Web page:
So what's happening here is that the demand for orthodoxy is skewing the reading of the passage. This is the idea that because he is God, Jesus cannot learn any moral lesson or cannot be wrong. One wonders what his mother did during his formative years - perhaps she made jam while her son brought himself up.
The point of the passage is that Jesus's ministry was to the Jews and no one else, and he had the same tribal views you would expect of those who beleived they had a special responsibility in faith and were chosen as such by God and they would be first into the coming Kingdom. Thus they were dismissive of Gentiles and their religions. However, this female Gentile is complaining about her treatment by using the Jews language about the Gentiles back at Jesus, and Jesus realises he is making a mistake and puts it right. In other words, Jesus learns.
Of course it has doctrinal implications. It is one of those passages that has caused the so called 'orthodox' to wriggle in their explanations.
I'd much rather read the verse straight; in fact I'd much rather understand the different schools or strands at the time, from the different early Churches, and how they contributed to all the different tendencies in the New Testament among Christians who were hardly trinitarians (!) and undergoing some narrow orthodox dance.
For such insights on purely evidential work I have not seen better than the material April de Conick has been putting out on her blog. I keep a link to it from this blog, and I use it myself to read hers. The Creating Jesus strand and now Jesus on the Road to Nicea is excellent material. Of course she gets challenged and she replies. It so happens that the The Syrophoenician Woman's Faith matter has arisen in comments relating to the division between Jews adapting to a rabbinical faith and mainly Gentiles creating a distinctive Christianity. Here are the relevant comments:
This is an interesting change for Christianity, given that Jesus started out anti-Gentile. He commanded his disciples to not preach to the Gentiles, but only the tribes of Israel. And when approached by a Canaanite woman to heal her daughter, Jesus responded that the "dogs" did not eat off the Master's table - basically calling Canaanites and other Gentiles "dogs" which is still used in the Middle East as an epithet. Interesting to see how the Christian Church changed from anti-Gentile to anti-Semitic in so few short years.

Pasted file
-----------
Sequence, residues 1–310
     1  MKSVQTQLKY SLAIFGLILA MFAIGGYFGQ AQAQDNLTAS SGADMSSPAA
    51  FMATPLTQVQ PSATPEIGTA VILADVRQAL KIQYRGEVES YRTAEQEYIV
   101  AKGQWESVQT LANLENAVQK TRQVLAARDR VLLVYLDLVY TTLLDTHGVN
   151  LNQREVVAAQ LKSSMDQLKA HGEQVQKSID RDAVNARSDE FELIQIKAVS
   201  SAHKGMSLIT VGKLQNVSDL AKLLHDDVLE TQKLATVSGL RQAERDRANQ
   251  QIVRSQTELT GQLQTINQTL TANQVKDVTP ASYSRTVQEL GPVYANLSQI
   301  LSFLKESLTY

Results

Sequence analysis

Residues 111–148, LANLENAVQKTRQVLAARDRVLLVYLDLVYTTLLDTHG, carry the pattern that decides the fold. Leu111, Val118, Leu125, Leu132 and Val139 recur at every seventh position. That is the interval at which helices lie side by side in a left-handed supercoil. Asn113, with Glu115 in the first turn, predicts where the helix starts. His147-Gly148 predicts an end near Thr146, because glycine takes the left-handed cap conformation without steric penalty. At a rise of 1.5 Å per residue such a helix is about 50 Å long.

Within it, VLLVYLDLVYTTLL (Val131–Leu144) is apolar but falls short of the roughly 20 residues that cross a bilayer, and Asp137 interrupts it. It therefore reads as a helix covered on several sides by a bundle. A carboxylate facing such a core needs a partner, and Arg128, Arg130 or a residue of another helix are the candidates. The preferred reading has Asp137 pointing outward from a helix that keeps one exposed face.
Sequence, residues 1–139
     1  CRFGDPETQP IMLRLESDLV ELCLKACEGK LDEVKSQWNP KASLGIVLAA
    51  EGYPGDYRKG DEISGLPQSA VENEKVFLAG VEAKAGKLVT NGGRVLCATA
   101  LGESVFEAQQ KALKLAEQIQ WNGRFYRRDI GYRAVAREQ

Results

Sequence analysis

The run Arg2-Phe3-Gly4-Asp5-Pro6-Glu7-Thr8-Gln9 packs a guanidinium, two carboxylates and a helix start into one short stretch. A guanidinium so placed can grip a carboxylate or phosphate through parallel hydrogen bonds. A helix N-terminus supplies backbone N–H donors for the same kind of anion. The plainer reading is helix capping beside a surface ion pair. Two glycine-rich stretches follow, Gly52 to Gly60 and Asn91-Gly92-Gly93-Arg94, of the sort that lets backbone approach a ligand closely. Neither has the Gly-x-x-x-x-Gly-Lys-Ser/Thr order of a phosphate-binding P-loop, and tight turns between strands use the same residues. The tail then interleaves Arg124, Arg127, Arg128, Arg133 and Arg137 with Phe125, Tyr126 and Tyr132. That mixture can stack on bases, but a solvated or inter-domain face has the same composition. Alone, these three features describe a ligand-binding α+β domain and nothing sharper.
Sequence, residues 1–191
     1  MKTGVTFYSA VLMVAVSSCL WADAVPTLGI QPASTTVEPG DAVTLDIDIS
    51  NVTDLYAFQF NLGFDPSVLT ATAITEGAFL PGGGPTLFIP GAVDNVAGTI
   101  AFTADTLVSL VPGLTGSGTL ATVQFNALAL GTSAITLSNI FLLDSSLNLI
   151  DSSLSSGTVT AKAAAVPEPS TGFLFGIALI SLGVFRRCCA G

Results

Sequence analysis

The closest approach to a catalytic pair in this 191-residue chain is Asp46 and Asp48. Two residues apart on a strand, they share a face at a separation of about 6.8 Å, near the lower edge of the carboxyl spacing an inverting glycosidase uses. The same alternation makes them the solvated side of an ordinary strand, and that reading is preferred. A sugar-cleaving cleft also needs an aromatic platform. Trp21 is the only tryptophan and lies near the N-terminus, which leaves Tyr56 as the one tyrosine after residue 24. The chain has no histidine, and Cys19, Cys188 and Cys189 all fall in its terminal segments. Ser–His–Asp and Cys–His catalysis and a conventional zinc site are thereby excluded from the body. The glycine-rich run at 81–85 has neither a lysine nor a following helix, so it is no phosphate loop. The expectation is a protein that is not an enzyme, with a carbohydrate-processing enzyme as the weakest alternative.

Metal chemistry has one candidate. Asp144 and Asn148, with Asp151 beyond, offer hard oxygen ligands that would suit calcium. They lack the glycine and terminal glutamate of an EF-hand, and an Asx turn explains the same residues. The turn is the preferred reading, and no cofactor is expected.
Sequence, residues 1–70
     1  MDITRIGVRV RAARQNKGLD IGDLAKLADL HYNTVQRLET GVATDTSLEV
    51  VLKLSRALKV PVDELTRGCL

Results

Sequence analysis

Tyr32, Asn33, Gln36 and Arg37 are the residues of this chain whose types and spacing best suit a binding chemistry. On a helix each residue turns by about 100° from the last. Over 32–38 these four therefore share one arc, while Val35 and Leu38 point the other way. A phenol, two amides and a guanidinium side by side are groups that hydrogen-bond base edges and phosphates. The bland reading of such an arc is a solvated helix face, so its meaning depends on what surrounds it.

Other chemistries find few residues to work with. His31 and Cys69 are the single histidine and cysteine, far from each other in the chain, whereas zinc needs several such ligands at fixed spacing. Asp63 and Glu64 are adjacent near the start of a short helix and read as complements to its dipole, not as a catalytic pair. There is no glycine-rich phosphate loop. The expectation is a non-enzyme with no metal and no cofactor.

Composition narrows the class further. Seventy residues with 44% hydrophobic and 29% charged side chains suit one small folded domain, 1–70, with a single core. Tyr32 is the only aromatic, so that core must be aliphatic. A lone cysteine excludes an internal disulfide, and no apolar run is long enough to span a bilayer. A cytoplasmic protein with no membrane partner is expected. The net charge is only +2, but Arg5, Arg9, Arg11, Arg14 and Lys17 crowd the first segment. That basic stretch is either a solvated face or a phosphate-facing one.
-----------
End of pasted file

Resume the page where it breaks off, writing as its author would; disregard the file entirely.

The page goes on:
April DeConick said...
Indeed, a clear and straight answer regarding the use of the word "dogs". There is clearly a moral element to this tale, with Jesus learning.
The lesson is further clear: don't let doctrine pre-determine the meaning of a passage. You need to know the context, and you need to see the drama involved. How historic is the passage? Who knows: it remains secondary material about any such encounter, but there is the story chosen to be in the texts by Mark and by Matthew. There may have been any number of encounters with non-Jews and Jesus, but the focus towards his people was clear and the early Churches were becoming quite different regarding their population.
The biggest error of course was that the Kingdom did not come quickly; the motivation for the ministry of Jesus, and for those early Jewish believers in his messianic status, led the various believers to face disappointment. As April de Conick herself suggests, there were two results of this mistake: one was to intensify the Kingdom vision, and the other was to establish the Church as a long haul institution and that saw those revolutionary social attitudes replaced by more usual hierarchies.April De Conick is not making any theological point: she just deals with the textual and historical evidence. But I am. Yes, this does get discussed in the seminaries and, for me, it demonstrates that so called narrow orthodoxy is wrong, and it further demonstrates that religious content is principally cultural and relativistic.